Business executive Alvin Brown has been described by his Republican opponent as being a different kind of Democrat with a lot of conservative values. Those values may have helped him fend off several other Democrats last week in an election in which no candidate won more than 50% of the vote.
But the man who hopes to be elected Jacksonville, Florida’s first African-American mayor has gotten as far as he has thanks to deep Democratic Party roots. Brown has served as an advisor to Hillary Clinton and aide to Vice President Al Gore, and has been endorsed in his mayoral race by the Congressional Black Caucus and the National Urban League. A run-off election will take place in May.
Brown, an executive-in-residence at the Jacksonville University Davis School of Business, faces an uphill battle. His biggest challenge may be how to expand his base beyond the inner city and excite the electorate in general. Last week, only 29% of the city’s voters turned out. In addition, the local Republican Party, which stayed out of the first election because there was more than one Republican in the first race, will be gunning for him.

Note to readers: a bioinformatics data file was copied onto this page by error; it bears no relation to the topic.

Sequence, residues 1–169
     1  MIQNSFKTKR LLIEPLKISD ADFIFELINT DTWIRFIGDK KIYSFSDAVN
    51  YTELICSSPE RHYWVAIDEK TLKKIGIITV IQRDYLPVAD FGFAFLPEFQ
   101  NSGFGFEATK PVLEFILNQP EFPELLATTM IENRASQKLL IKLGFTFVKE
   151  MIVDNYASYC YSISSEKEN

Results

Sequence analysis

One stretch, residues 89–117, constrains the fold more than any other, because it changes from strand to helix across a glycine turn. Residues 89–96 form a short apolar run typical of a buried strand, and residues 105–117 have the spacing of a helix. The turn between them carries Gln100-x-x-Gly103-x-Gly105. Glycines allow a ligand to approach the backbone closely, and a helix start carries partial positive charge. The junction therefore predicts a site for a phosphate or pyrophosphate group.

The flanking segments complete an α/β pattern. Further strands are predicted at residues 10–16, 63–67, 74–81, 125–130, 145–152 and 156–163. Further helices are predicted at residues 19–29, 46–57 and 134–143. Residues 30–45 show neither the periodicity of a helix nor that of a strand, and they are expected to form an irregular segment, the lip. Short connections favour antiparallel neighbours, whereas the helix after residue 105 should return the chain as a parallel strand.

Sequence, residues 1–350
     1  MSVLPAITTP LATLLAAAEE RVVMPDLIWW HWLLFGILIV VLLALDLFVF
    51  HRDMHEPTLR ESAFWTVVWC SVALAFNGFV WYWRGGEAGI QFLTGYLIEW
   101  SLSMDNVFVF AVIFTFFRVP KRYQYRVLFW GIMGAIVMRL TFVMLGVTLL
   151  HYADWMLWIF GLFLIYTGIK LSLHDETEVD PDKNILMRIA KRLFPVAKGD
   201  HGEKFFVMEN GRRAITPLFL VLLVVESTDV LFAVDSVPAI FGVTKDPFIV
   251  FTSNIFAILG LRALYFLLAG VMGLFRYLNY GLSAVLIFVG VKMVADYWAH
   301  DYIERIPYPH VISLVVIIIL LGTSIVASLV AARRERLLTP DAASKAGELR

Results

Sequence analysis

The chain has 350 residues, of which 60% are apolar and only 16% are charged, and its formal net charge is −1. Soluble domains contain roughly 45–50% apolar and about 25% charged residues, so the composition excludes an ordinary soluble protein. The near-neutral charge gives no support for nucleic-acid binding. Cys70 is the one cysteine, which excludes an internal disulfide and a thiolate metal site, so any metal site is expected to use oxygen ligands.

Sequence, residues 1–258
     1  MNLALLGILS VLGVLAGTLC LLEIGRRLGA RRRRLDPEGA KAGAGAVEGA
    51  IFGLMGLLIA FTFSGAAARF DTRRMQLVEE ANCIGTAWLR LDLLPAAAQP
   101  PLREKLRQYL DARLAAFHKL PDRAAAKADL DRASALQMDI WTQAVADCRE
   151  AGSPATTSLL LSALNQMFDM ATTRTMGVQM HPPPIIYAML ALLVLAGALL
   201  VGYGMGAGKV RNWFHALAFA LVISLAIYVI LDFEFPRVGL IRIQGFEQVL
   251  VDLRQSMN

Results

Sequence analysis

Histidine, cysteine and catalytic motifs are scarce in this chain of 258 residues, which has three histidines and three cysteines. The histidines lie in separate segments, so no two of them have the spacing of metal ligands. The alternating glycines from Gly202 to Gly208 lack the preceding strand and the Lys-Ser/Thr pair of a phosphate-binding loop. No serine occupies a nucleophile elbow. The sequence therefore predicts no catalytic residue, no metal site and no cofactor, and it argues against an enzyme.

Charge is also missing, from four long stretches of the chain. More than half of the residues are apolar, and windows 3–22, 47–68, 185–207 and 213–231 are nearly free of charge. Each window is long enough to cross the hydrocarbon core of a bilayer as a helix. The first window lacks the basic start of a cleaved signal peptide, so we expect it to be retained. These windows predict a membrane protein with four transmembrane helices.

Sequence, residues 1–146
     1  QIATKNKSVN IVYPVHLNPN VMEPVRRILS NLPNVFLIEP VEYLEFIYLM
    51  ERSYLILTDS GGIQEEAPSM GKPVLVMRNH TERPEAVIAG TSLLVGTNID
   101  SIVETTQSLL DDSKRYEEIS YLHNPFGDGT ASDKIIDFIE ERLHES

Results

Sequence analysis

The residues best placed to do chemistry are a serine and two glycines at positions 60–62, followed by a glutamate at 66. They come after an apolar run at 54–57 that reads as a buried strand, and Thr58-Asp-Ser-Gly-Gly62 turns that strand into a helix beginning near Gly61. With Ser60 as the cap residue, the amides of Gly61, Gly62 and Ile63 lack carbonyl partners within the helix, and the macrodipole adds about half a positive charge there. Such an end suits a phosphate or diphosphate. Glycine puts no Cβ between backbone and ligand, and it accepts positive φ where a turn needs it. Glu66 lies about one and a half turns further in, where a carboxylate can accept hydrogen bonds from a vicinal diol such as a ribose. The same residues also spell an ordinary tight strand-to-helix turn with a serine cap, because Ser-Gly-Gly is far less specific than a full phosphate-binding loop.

In an interview with the Florida Times-Union, Brown said that Black liberals aren’t his base. “I want to be the mayor for everyone, no matter what side of the town you live on,” he said. “I want them to know Alvin Brown has the vision, the leadership experience to take Jacksonville to the next level so it becomes a destination. I want to unify this city so we have one city.”
(Photo: Courtesy of Alvin Brown)
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